MOSCOW (Sputnik) – Angela Merkel on Wednesday was elected German chancellor by the German Parliament, Bundestag, for the fourth time.
“Angela Merkel received the necessary majority, she was elected chancellor,” President of the Bundestag Wolfgang Schaeuble said.
On Tuesday, German President Frank-Walter Steinmeier nominated Merkel for re-election as a chancellor after the day before Christian Democratic Union (CDU) leader Merkel, chairman of the Christian Social Union (CSU) Horst Seehofer and acting co-chair of the Social Democratic Party (SPD) Olaf Scholz signed a coalition agreement and the government was finally formed in Germany.
Earlier in March, German Social-Democrats already voted for coalition with Merkel, which made it clear that Germany will finally get a coalition government.
The formation of the government became possible after Merkel’s CDU / CSU alliance and the Social Democratic Party of Germany (SPD) have completed the talks and achieved a deal on forming the coalition.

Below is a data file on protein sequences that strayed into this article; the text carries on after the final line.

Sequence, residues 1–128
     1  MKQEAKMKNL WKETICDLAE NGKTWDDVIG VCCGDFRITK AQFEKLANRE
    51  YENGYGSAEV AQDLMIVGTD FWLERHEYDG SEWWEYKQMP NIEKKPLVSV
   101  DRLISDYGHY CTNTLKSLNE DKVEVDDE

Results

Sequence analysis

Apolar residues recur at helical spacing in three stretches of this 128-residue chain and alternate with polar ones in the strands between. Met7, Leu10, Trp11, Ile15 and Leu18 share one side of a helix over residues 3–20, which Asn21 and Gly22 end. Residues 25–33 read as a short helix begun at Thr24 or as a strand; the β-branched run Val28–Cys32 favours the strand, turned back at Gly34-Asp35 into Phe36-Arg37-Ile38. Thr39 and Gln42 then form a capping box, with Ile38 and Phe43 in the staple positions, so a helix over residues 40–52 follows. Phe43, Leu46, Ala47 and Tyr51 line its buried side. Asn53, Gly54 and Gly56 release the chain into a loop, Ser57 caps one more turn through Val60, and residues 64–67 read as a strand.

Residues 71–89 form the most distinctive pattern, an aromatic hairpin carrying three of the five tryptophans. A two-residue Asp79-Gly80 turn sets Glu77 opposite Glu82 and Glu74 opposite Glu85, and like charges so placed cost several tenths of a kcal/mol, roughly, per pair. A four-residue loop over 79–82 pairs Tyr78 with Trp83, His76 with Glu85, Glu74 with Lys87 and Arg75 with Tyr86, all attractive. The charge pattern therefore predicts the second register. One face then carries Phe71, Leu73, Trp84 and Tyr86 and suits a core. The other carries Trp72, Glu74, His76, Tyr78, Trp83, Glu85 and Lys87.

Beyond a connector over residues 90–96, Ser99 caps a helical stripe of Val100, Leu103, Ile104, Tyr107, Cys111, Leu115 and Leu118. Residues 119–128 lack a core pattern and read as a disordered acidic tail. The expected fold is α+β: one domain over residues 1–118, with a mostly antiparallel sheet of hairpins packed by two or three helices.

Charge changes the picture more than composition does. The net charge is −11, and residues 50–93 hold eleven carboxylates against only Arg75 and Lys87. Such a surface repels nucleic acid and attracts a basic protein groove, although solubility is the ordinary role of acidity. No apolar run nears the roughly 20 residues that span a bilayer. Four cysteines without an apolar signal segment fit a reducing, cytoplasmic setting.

In December 2017, despite the SPD’s previous unwillingness to form the Grand Coalition with Chancellor Angela Merkel’s ruling conservative alliance between the Christian Democratic Union of Germany (CDU) and the Christian Social Union (CSU), sides entered coalition talks.
SPD members voted to allow their party’s leadership to enter talks with the CDU/CSU alliance on establishing a coalition government after the talks on the formation of the coalition government that would include Merkel’s CDU/CSU, the Green Party and the FDP collapsed. The Free Democrats pulled out from the negotiations in November after four weeks of fruitless efforts to find a consensus between the parties. Disagreements over issues such as migration and climate change were reportedly behind the breakdown of the talks.
During its parliamentary election win in Germany on September 24, 2017, Merkel’s CDU/CSU alliance obtained 33 percent of votes and secured 246 seats in the parliament, failing to secure an absolute majority. The SPD came second with 20.5 percent of the vote and 153 seats, while third place went to the Free Democratic Party, which got 10.7 percent and 80 seats.